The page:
Thursday, February 20, 2014

7 Days in NYC: Photo Taken at My Subway Station


Obligatory UFC 170 Post


Because it's hard to ignore these big UFCs when they roll around, no matter how preoccupied with New York I get.

7 Days in NYC: Wednesday - 2.19.14


If you say the words "jiu-jitsu" and "New York City" together, usually the first thing that comes to the average fight fan's mind are the big name instructors - like Renzo Gracie, John Danaher and Marcelo Garcia. But in a city with almost 8.5 million residents, there's bound to be more than the big names teaching that beautiful-yet-badass Brazilian art.

Carmine Zocchi is one of those unsung instructors. And his story harkens back to the days when the UFC was small, and the outlets in the Big Apple where one could learn how to fight like they did in the cage were scant. Back in the mid- to late '90s, you could train at Renzo's growing academy, maybe Fabio Clemente's tiny operation set up in the yoga room of a health club, and that was it in terms of destination schools. But if for some reason or another those places weren't for you, you needed a bit of luck - which is what Carmine had when he found a purple belt to teach him what it meant to effectively execute the chokes and armbars and escapes that form the backbone of the style. (Yeah, you could say we take for granted today what was a scarce commodity back then.)

Eventually, Carmine hooked up with UFC 20 veteran Marcelo Mello, an old school jiu-jitsu black belt fresh off the boat from Brazil, and with Mello teaching out of the basement of a health club in Astoria, Carmine earned a purple belt himself. Eventually, Mello would award him a black belt of his own.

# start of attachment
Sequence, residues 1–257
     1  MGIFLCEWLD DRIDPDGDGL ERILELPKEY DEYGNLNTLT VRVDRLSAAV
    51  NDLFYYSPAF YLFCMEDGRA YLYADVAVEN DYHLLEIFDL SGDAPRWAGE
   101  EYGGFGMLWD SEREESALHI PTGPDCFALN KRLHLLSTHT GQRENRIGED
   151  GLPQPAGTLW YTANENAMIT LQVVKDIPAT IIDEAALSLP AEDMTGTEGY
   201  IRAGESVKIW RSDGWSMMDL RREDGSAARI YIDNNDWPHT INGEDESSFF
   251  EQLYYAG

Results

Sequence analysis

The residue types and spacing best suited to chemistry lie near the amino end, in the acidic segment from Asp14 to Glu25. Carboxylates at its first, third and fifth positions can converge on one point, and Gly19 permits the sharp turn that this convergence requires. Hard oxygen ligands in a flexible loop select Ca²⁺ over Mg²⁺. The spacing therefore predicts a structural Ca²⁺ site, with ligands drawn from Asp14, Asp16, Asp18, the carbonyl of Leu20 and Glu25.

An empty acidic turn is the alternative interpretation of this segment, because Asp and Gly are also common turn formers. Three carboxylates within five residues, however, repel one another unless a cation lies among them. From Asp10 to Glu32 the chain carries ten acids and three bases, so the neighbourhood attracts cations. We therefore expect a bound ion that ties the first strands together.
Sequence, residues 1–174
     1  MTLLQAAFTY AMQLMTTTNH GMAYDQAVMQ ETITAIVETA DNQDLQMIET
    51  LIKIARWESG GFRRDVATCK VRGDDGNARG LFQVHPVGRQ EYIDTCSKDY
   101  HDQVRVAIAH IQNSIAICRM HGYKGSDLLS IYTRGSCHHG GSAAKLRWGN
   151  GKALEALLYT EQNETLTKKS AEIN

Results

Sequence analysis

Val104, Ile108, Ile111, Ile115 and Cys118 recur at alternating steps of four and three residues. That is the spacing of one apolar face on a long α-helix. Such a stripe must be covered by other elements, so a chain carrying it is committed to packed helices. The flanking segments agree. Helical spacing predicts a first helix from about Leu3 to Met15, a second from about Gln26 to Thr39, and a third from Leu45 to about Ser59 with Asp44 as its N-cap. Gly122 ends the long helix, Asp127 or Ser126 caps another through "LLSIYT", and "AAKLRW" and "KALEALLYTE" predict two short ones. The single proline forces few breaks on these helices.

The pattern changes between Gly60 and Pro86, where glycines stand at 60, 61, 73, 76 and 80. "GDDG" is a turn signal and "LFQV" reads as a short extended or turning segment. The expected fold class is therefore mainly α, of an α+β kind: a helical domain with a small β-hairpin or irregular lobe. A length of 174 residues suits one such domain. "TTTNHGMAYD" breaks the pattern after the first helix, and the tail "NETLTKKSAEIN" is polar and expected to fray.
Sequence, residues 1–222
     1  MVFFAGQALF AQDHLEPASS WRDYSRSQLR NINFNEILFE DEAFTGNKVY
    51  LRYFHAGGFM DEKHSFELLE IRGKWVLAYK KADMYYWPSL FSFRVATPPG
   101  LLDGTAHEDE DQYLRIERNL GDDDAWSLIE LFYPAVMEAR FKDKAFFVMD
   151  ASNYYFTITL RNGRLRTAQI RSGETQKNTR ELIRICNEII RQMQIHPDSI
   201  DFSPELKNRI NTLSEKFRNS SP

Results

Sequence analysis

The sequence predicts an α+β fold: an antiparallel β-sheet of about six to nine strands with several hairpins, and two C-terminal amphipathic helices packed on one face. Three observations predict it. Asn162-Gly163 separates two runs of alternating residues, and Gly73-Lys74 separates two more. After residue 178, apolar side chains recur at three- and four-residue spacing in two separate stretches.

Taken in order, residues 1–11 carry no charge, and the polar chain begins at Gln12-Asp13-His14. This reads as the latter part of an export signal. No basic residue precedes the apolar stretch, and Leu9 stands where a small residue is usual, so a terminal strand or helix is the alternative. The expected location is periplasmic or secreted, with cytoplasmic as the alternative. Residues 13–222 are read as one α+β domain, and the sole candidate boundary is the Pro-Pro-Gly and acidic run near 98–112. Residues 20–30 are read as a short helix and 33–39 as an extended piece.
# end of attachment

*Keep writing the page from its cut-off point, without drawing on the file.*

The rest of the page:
It's Wednesday, Day Two of this whole "7 Days in NYC" thing, so I'm driving out to Carmine's school in a distant part of Queens (Maspeth to be exact, which is hella far from any subway station). For insight on what it was like to train and fight outside of Renzo's circle back in the day, Carmine's perspective is both unique and invaluable.

I first met Carmine in 2001, when I strolled into a budding MMA school called Combined Martial Arts, which at the time was on the second floor of a building in Jackson Heights. Outside the window, maybe only 20 feet away, the 7 train was a constant distraction as it rumbled either towards Flushing or Manhattan, but the school was a gem, complete with a ring, mats, and plenty of space to create fighters. One such fighter was Kaream Ellington, and there was Carmine, putting him through his paces on the ground. It was someone else's academy back then, Carmine was just on staff as an instructor.

Oh how times have changed...